Oliver Ray, Out Passed Nowhere – Review
by Rudy Palma
Oliver Ray is not a new name in the music industry, he is the long-time guitarist for punk-rock-poet-laureate, Patti Smith. If that didn’t perk your interest, just wait – the music will. Out Passed Nowhere is the debut solo album from Oliver Ray. Go figure, right? Ray has been a busy guitarist up until now. With the help of producer David Glasebrook, the two worked tirelessly to bring forth hours of pen put to paper to bring to fruition a stunning album that features members of Giant Sand, Sugar Candy Mountain, The Myrrors, Xixa, and China, as well as a very special appearance by Smith herself.
The sound is distinctive and varied. The idea behind the album was to take an unconventional approach and let the music speak for itself. Whatever direction the music decided to go, strictly in service to the resonant personality of each tune, but all centered around Ray’s songwriting of uncharted destinations and edges of the map.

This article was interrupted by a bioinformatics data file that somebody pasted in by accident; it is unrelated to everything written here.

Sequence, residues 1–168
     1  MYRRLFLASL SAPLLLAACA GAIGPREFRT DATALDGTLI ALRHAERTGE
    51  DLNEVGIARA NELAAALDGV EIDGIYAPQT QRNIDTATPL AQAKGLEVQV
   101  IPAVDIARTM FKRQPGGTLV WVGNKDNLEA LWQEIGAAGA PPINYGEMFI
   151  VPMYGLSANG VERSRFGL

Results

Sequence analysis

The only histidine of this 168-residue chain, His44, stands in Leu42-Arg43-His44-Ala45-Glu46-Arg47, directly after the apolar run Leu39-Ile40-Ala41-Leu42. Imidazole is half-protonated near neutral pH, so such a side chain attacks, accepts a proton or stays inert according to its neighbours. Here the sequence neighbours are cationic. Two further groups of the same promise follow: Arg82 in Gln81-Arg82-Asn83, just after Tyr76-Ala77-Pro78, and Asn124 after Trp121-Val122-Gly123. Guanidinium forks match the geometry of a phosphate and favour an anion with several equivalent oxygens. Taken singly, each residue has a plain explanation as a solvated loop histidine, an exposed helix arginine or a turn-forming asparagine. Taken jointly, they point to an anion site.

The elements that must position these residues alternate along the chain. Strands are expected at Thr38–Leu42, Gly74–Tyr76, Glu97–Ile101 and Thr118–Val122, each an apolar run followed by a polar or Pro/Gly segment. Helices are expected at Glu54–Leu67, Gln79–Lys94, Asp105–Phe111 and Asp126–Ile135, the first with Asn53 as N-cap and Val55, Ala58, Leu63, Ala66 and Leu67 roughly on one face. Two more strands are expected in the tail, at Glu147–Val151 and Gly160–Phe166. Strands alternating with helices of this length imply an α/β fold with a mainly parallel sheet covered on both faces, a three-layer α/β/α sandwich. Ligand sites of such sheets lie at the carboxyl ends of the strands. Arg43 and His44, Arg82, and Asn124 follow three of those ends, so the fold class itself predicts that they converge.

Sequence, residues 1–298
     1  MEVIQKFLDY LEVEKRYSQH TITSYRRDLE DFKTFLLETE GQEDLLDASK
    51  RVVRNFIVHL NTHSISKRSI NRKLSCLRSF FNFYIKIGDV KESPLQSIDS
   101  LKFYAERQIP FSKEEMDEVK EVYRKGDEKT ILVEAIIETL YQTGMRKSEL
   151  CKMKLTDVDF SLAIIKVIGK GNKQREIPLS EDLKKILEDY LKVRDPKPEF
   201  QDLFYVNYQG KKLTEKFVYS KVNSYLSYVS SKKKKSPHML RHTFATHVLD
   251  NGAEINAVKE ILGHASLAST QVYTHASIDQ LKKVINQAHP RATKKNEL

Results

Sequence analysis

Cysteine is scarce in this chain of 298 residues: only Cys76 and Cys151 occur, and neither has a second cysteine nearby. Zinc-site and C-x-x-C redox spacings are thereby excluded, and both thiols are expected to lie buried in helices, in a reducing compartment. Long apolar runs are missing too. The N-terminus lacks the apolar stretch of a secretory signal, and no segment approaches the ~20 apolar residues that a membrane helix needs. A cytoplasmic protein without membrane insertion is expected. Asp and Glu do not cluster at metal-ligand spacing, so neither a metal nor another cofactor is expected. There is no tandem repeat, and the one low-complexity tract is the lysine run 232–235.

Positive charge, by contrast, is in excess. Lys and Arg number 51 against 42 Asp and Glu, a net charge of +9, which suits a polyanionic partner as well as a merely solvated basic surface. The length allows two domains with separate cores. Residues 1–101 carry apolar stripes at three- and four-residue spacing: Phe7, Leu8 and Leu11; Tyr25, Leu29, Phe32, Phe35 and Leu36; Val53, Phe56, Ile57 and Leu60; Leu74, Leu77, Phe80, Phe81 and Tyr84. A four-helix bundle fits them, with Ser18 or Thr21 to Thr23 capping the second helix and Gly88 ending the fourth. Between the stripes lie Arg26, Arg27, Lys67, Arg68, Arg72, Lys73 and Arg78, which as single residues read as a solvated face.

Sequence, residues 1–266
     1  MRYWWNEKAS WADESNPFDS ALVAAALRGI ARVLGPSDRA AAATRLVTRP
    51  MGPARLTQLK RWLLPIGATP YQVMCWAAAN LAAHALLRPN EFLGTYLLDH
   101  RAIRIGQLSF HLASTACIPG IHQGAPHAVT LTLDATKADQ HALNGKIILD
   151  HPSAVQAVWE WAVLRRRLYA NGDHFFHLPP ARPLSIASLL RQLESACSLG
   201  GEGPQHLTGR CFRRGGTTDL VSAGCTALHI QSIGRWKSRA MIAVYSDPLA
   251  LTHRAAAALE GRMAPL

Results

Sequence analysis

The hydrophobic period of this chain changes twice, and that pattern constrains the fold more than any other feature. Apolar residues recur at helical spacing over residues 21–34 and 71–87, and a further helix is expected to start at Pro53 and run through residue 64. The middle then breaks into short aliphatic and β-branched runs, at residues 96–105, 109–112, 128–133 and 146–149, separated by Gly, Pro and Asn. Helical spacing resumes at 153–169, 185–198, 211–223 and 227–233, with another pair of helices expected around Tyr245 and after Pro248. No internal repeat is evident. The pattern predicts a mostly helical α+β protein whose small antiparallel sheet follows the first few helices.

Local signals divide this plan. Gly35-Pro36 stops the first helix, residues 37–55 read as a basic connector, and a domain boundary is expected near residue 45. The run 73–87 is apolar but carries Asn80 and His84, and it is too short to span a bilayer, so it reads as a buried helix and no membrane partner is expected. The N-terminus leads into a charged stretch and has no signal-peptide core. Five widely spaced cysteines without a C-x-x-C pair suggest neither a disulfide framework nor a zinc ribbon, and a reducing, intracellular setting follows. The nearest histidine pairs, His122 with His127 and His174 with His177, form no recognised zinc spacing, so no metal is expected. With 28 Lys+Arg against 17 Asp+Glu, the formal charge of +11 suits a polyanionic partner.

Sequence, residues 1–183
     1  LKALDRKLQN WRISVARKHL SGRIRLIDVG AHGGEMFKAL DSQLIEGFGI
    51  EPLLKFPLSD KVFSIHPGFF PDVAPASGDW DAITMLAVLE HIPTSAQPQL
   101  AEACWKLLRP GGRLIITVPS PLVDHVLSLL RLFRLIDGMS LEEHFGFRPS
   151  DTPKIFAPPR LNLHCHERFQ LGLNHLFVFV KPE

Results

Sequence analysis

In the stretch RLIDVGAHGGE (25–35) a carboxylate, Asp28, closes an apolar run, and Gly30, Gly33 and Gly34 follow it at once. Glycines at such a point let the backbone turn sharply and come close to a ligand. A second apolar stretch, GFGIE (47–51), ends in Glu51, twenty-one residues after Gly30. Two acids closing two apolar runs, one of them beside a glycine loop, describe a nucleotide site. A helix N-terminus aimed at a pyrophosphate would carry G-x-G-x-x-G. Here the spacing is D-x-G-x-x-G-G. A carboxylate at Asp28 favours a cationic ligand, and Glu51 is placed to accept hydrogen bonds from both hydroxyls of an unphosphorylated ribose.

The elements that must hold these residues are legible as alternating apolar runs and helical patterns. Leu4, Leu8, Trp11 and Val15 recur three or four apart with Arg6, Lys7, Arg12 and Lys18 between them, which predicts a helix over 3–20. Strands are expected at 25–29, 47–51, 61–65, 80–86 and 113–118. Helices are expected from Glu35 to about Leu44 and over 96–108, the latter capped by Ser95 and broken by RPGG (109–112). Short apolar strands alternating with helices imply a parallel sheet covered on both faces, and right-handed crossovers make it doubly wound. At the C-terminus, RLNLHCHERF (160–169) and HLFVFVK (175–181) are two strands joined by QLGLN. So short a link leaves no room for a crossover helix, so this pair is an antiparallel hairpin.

The first single off the album is “Ol Coyote,” its effected guitar feels ethereal, with a folkish beat and prophetic lyrics. Ray’s voice is the vehicle of the story, with an engaging spirit of poetic proportions. Ray has a Dylan-esque way about his lyrics. The music has a distinctive 70s rock vibe replete with relaxed and satiated loping rhythms. “Edge City,” furthers the poetic theme with a continuous movement, which illustrates the content of his poetic leanings, a tone poem if you will.
Out Passed Nowhere is just what the spin doctor ordered; this is just what the wanton soul has been waiting for to quench the thirst of visionary song writing. Fans of McCombs, Eno, Dylan or Hollis will find a kindred spirit in Ray’s music. A long overdue debut.
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